“I’m going to write a blog post about Peppa Pig. How should I even start?,” I asked B while we were out on an errand today.
“Don’t gild the lily. Just say it’s the most awesome show ever made.”
Go ahead and put your hyperbole goggles on ’cause imma bout to spray you with the spittle of truth:
Peppa Pig is the most awesome show ever made.
Cee first started watching Peppa Pig right around the same time that we moved over the summer. Naturally, B and I would watch it with her because we have been told my many people claiming to be experts that if your child watches TV unaccompanied before they turn 18, they will a., grow a tail, b., be at higher risk of experiencing teenage pregnancy, c., kill ants on the playground with a magnifying glass, and d., be doomed to an adulthood of general malaise and possible Walmart employment. What we found when we started watching Peppa with Cee was that it is possibly the best television program to be piped into the living rooms of America since Roots.
Peppa Pig is a British children’s programme (so cultured already) that airs on Nick Jr. It chronicles the life of a four-year-old pig named Peppa and her family, which includes two-year-old brother George, Mummy Pig, Daddy Pig, Granny Pig, and Grandpa Pig. The first thing that you notice when you watch it is that unlike shows like Bob the Builder that originated in the UK but are adapted to American audiences, Peppa Pig remained unchanged after its trip across the pond. Not only does Peppa and her cohorts retain their British accents, but they also use the British terms for everyday items. “Elevator” remains “lift”, “bandage” remains “plaster cast”, “carnivals” are “funfairs,” and “trucks” are “lorries.” It turns out that small American children understand just fine what Peppa is talking about and that they are able to stomach things that are not immediately familiar to them.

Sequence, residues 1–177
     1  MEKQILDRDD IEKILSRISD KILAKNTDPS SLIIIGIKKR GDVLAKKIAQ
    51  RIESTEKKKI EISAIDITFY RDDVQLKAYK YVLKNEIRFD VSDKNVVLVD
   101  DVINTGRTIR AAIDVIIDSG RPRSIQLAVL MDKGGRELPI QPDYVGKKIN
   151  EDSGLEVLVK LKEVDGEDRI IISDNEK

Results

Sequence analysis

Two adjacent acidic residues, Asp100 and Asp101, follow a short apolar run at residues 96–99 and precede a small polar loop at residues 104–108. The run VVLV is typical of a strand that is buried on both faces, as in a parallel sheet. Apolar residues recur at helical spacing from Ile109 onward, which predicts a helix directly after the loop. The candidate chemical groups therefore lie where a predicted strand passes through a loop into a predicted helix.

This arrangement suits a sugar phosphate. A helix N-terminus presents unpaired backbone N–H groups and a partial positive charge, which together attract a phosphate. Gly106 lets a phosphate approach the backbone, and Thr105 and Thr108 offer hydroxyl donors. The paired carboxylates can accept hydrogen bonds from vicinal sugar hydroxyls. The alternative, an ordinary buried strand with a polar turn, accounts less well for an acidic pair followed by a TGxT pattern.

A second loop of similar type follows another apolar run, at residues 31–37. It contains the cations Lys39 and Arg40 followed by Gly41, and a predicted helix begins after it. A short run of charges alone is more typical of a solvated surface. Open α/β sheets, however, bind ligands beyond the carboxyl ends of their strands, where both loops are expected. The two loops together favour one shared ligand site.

I know. Shocker.
The added bonus to your American toddler watching British TV is that s/he starts speaking with a fake accent. Trust me on this one: it is way cuter when a two year old does it than when Madonna does it.
Another thing that we really like about Peppa is that it instills fairly good behavior in C. We can instruct her to say thank-you until we’re blue in the face, but in the grand tradition of television characters raising our children, it’s Peppa who has gotten C to say thank-you. How do we know that Peppa gets the credit? Why, because she says thank you with a British accent, of course.
Every parent has that show that they will admit to watching even when their kids aren’t around. For some, it’s Yo Gabba Gabba with its myriad guest stars and fun music. For others, it’s Adventure Time, which is quirky and offbeat. (For absolutely no parent or sane adult in the entire world, it’s Dora the Explorer.) But for me, it’s Peppa Pig. What is it about Peppa that speaks to me? I think it has something to do with the relative simplicity of the show. It hearkens back to a pared-down, imaginative childhood that is hard to come by in these days where kids get iPads on their first birthdays and are more heavily-scheduled than many adults. Peppa’s favorite thing to do in the entire world is jump up and down in muddle puddles. That’s it. The simple activity of going outside and getting dirty makes her happier than anything else. Similarly, her little brother George is transfixed with his trusty companion Mr. Dinosaur (or, as he says it, Mr. Dine-saw.)
There’s a certain degree of sibling rivalry between Peppa and George that I find refreshing. Have you ever seen these kids shows where siblings actually get along? Who are they trying to kid? But at the end of the day, Peppa and her brother clearly love each other a lot. I’ll take Realistic for $1000, Alex. The fact is that kids roll their eyes at each other. There’s complexity in any relationship, but it all comes down to love. I kind of adore that.
Do you have a show you like to watch when you’re kids aren’t around? Am I the only person who has deep thoughts about an animated pig family? Feel free to let me know/ suggest a therapist in the comments.